The Chicken and The Child

There were various ideas and thoughts I brought back with me from the Acres conference last week. One that sticks out most is the idea of the chicken.

In Joel Salatin’s Acres USA Economy session, he said that, if one in three homes had backyard chickens, there would be no need for industrial agriculture eggs. Not only would there be better eggs, but chickens make great pets. Even better than a pet, it could be a role model for children!


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The chicken wakes up with the sun, works by laying eggs, eats table scraps, and goes to bed without complaint at the end of the day. Almost exactly how most parents would like their children to behave.

Up early, works all day, eats garbage, doesn’t complain, goes to bed early!

– Joel Salatin

I find this particularly interesting since my family had such a chicken. This chicken was among our laying hens, but smarter than her fellows. When it came time to replace the old flock with a new flock, this chicken escaped, twice. Eventually, she found herself around our house. Being such a pet, she received a name, Gwendolyn.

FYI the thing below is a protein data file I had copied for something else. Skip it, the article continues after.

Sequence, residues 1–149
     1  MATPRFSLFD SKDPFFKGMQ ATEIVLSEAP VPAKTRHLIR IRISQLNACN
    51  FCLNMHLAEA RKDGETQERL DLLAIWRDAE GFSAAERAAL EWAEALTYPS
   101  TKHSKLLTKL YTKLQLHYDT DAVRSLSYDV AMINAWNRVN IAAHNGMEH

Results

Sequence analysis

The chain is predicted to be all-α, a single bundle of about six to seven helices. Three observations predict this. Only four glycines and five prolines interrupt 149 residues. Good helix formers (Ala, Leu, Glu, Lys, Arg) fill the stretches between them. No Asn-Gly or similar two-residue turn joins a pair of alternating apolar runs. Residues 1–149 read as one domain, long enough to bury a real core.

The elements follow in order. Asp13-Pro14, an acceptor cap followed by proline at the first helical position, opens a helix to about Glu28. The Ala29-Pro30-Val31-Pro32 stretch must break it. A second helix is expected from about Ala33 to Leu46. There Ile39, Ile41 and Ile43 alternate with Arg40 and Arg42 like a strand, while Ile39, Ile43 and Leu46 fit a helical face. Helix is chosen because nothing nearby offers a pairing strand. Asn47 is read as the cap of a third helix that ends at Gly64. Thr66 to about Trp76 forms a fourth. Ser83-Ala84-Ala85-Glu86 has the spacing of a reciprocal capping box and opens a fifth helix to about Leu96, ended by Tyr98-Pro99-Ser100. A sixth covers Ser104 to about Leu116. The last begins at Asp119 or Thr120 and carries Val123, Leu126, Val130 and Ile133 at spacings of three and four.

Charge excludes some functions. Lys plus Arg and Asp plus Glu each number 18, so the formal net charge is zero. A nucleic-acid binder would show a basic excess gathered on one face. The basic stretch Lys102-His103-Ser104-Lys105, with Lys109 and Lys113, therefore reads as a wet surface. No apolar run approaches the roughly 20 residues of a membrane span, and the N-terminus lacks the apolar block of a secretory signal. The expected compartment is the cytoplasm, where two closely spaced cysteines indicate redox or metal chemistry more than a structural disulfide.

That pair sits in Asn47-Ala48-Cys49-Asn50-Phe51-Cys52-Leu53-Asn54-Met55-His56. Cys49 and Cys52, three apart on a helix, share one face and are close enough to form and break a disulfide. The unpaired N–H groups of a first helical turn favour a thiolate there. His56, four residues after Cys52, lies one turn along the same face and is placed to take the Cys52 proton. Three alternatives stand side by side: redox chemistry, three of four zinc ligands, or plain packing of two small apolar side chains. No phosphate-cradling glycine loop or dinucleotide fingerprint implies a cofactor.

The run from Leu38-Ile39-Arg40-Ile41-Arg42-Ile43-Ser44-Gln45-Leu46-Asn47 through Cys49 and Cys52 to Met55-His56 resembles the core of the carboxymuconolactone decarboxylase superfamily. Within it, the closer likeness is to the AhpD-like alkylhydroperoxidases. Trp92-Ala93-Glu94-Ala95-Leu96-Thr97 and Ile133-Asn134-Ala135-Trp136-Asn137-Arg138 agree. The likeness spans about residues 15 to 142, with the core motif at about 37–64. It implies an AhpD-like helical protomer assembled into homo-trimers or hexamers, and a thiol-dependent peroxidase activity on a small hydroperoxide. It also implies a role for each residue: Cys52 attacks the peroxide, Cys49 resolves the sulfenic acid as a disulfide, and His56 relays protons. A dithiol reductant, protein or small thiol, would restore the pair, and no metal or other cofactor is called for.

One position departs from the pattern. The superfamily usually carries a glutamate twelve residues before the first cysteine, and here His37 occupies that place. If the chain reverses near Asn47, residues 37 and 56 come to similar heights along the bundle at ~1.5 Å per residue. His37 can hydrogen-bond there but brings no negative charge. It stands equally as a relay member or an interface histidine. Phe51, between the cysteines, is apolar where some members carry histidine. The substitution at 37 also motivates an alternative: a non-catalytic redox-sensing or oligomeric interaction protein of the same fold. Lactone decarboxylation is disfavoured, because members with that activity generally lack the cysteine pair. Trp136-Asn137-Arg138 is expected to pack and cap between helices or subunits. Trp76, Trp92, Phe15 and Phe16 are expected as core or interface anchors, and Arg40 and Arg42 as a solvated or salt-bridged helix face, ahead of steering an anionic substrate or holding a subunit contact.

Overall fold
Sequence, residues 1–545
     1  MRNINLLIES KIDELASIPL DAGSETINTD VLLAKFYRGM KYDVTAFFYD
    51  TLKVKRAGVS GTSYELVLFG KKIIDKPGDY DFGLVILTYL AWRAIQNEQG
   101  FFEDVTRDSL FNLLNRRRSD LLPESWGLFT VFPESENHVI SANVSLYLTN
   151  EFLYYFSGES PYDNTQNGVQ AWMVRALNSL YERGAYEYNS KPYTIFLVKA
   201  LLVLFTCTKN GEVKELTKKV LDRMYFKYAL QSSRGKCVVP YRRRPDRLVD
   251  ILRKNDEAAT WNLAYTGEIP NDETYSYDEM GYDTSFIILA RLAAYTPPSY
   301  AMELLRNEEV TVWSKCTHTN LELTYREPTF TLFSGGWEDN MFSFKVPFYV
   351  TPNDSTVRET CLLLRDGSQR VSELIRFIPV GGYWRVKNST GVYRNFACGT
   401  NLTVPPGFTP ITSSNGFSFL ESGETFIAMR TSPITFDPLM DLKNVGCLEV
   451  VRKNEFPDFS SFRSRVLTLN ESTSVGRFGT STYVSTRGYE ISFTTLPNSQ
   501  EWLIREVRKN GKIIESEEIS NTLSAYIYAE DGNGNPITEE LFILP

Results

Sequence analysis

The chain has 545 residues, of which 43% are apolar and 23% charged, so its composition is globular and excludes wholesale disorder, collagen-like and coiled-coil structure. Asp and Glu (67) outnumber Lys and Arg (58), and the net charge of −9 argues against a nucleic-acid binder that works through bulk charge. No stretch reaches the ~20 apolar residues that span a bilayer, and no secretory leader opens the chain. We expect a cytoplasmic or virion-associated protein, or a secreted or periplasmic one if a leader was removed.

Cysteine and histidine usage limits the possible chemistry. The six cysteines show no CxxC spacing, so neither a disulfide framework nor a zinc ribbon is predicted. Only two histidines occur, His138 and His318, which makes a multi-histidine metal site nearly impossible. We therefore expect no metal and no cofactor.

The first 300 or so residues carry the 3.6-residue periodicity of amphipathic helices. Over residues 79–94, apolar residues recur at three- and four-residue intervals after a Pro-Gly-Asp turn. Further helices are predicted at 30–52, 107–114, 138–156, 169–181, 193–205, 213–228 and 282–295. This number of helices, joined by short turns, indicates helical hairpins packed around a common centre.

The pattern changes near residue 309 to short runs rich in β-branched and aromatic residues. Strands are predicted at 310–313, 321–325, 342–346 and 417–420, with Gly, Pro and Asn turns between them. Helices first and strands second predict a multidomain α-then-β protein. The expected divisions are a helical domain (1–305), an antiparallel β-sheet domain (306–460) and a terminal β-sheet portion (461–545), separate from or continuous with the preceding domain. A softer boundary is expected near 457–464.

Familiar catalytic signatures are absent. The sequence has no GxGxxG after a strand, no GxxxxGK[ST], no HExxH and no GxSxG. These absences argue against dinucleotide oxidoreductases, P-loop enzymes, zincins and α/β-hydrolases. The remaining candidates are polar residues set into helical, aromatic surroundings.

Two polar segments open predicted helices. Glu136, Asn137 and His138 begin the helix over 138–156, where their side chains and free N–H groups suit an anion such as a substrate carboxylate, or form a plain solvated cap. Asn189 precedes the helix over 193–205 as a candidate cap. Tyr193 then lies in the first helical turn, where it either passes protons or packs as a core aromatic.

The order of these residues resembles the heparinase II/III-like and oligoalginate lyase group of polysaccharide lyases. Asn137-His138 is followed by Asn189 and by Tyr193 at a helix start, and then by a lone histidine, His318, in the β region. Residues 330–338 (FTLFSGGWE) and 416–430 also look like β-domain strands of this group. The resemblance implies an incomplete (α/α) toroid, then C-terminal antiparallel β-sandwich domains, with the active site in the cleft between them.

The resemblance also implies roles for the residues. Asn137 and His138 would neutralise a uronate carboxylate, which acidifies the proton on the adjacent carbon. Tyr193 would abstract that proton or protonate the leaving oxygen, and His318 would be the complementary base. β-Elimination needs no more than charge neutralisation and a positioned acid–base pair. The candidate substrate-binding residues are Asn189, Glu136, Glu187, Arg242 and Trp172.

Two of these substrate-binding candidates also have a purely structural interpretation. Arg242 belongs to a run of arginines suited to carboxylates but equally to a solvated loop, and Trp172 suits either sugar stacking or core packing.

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Gweny would roam about the land around the house, and occasionally find herself into the house. She would follow the dog and with this guardian she prevented the death that usually would haunt her breed in the forest.



As the night descended, she would take her position on the railing of the porch, with the dog, Shelia, curling up beneath her. She soon became a favorite of my family’s, and my father particularly.

It is amazing to see the look on children’s faces when they come into contact with real farm animals. It’s something I’ve often taken for granted, living on the farm. It’s odd to think the majority of people have never actually seen a farm animal in person. I was shocked when I found they now have cattle in zoos!

It’s good for children to see where their food comes from. It brings them greater appreciation for their food and the work that goes into it.

So if your child wants a pet, or a role model, suggest a chicken.


One thought on “The Chicken and The Child

  1. Not everywhere has a place to put a chicken. However, it doesn’t take much space. I have a friend who is an urban chicken consultant, and she stays busy. So I’m guessing a few folks have figured out the benefits.

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